Hundreds lined the shores of Adams River on Saturday Oct. 13 (Carmen Weld/Black Press Media)

Sockeye run in Shuswap expected to be close to 2014 numbers

Salute to the Sockeye on Adams River continues until Sunday, Oct. 21 at 4 p.m.

With the sockeye run nearing its end, fisheries officials say the numbers returning to spawn on the Adams River will likely match the 2014 dominant run.

In the third week of August, the late-run sockeye salmon run was estimated to be nearly seven million returning to various spawning grounds in the Shuswap, with an estimated 750,000 expected at the Adams River.

By mid-September and based on several test fisheries in the Strait of Georgia where the salmon gather every year before starting their journey up the Fraser River, the forecast had dropped to 4.7 million fish, with about 2.5 million of that number already caught in commercial, recreational and Indigenous fisheries.

“The pre-season forecast was more than 7 million, then dropped down to six then five; there is a recognition that those forecasts are so variable,” says Mike Lapointe, chief biologist with the Pacific Salmon Commission, noting decisions on how many sockeye will be made available for fishing are not made on the original return forecast. “We meet every week with the (Fraser River) panel and the tech guys (to determine the number available of fish).”

Related: Many visitors make their way to Shuswap’s Salute to the Sockeye

The forecast of the expected return rises and falls over the summer as trollers complete three-day tests and is the reason why fisheries are limited at the beginning of the run in case the numbers go down.

On Oct. 12, Lapointe said there were three things of significance in this year’s dominant run, an event that takes place every four years.

Catches in the lower Fraser River and fish passing a monitoring station at Mission both dropped dramatically between Oct. 9 and 12. An ocean survey completed from Oct. 3 to 6 estimated only 40,000 to 70,000 sockeye remained in the Strait of Georgia, confirming there were not many left in the strait to migrate. Thirdly was the reduction in the estimated return from 5 million to 4.7 million based on surveys taken in August, September and October.

Related: Race is on for Shuswap late-run sockeye

Lapointe said reducing the estimate would mean about a 10 per cent hit to the 750,000 late-run sockeye expected to reach the Adams River spawning grounds, bringing it to about 675,000.

The dominant run in 2010, with eight million sockeye returning to the Adams River, was considered a one-in-100-year event.

As it takes the salmon anywhere from 10 days to two weeks to make the return trip to their spawning grounds, there are expected to be good numbers of fish to see this week in the Salute to the Sockeye Festival at Tsútswecw Provincial Park, which continues to Sunday, Oct. 21.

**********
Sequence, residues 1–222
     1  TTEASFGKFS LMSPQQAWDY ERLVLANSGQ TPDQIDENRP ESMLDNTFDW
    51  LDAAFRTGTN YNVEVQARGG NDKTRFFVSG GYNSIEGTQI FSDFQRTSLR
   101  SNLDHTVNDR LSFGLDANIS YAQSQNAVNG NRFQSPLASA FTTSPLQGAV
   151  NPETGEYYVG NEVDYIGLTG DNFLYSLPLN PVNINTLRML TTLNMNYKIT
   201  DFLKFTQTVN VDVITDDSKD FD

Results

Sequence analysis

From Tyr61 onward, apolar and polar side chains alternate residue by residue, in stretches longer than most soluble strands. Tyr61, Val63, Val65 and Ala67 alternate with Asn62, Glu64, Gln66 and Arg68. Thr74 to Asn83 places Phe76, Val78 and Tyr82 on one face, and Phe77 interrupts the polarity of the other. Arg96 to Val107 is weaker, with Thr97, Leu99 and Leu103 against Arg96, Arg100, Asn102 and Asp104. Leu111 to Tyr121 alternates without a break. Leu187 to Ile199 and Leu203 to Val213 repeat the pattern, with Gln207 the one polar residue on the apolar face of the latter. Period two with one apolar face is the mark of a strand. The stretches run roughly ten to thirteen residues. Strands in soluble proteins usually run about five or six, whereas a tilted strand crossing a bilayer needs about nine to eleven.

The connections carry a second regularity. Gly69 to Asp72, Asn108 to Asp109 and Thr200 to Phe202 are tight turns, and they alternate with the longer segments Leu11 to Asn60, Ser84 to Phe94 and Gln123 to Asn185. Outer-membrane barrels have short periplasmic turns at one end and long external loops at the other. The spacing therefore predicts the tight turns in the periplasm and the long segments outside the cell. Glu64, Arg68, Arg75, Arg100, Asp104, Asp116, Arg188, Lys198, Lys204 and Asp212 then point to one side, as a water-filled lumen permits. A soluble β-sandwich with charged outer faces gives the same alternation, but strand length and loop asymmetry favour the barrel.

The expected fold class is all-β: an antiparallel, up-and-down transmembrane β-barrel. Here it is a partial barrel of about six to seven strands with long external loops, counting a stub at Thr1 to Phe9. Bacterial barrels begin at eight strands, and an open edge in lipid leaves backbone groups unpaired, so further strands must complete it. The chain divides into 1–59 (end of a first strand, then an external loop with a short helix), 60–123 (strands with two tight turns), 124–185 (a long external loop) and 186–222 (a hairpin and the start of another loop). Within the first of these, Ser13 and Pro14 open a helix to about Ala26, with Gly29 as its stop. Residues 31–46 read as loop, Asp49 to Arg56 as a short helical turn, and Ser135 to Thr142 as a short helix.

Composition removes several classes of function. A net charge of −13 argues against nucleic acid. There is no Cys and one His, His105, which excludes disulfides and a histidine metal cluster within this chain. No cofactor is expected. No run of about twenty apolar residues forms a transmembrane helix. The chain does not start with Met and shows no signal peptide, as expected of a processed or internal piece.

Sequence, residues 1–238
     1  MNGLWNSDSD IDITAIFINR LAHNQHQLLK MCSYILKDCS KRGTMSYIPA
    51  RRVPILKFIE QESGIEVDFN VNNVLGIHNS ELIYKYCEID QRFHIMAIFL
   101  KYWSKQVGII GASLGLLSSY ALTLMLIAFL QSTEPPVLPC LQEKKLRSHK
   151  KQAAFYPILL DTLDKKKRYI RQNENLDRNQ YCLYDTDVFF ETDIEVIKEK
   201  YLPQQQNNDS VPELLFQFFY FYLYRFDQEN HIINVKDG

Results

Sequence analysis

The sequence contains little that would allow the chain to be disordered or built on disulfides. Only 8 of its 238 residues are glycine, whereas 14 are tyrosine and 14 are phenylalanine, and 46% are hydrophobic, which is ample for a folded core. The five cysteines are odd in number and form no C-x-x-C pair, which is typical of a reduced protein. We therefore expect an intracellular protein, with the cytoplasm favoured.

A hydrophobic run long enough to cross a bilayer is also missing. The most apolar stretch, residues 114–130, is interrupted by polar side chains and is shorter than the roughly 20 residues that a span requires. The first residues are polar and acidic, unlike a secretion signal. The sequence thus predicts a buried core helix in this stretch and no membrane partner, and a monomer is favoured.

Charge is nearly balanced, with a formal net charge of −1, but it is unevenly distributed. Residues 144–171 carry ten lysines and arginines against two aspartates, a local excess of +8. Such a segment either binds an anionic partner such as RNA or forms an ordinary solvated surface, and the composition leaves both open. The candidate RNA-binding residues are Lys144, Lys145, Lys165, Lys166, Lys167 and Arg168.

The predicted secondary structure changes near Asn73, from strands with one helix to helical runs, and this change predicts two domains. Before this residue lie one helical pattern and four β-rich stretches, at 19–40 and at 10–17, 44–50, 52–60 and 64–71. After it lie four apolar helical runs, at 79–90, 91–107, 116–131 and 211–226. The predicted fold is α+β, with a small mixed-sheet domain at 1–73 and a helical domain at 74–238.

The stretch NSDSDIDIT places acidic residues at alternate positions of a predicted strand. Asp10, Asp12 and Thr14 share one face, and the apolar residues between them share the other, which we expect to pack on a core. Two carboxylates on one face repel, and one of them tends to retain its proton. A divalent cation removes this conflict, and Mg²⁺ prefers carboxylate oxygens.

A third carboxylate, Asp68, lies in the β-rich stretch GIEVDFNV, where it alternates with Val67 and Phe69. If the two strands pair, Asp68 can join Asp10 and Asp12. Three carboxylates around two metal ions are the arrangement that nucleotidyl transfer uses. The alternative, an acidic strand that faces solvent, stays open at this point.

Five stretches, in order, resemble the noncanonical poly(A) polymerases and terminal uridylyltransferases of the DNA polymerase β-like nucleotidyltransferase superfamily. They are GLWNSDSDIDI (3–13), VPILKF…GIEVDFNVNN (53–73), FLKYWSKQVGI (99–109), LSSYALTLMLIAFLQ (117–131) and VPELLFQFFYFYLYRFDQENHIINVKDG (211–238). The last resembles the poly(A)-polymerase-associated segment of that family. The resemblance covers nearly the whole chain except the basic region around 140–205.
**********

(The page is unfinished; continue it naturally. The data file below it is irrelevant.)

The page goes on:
“I think it’s a good run just based on the number of sockeye fisheries official have tagged on the Lower Adams,” Lapointe says.


@SalmonArm
newsroom@saobserver.net

Like us on Facebook and follow us on Twitter

 

Hundreds lined the shores of Adams River on Saturday Oct. 13 (Carmen Weld/Black Press Media)

Hundreds lined the shores of Adams River on Saturday Oct. 13 (Carmen Weld/Black Press Media)

Thousands of people have attended the Salute to the Sockeye at the Adams River this year, which continues until Sunday, Oct. 21. (Barb Brouwer/Salmon Arm Observer)

Just Posted

WATCH: ‘Stubborn’ fire destroys Big White Ski Resort chalet

The building, which lit up in flames around 2 a.m., was an infamous spot to Big White locals

Warriors looking for Teddy, hoping for win

West Kelowna hosts their annual Teddy Bear Toss fundraiser Saturday night

Price for one-bedroom rentals in Kelowna jumped 10.8% from October to November

Out of 34 Canadian cities, report said Kelowna had highest monthly rent increase

Rockets drop second straight, conclude 6-game road trip Saturday in Moose Jaw

Kelowna fell short against the Regina Pats 4-3 Friday night

Province covers medical costs for Kelowna boy with spinal muscular atrophy

Spinal taps for Rumi Green’s spinal muscular atrophy treatment cost $120,000 each

VIDEO: Success of wildlife corridors in Banff National Park has advocates wanting more

Demand for more highway protection escalated after seven elk were killed by a semi-trailer near Canmore

Old Christmas card has ties to Summerland agriculture

Card was sent by former director of Summerland Research Station

Sharks beat Canucks 4-2 to snap 6-game skid

Vancouver visits Vegas on Sunday

Fans sing Canadian anthem after sound system breaks at BMW IBSF World Cup

The Canadians in attendance made sure their team and flag were honoured on the podium

Frosty will have to pay rent to stay on Okanagan sidewalk next Christmas

Vernon Teach and Learn allowed to keep Frosty up, but will need a permit come January 1

Prince George RCMP use bait packages to catch porch pirates over the holidays

First-in-Canada program with Amazon looks to combat parcel theft

Conservation officers on the hunt for North Okanagan moose poachers

Officers execute search warrant Friday morning, investigation continues

UPDATE: Highway 1 reopens after vehicle incident near Boston Bar

Initial reports of a jack-knifed semi truck had closed both directions of the highway

Kootnekoff: Accommodating religious celebrations

Employers must be mindful that not everyone celebrates holidays which are days off

Most Read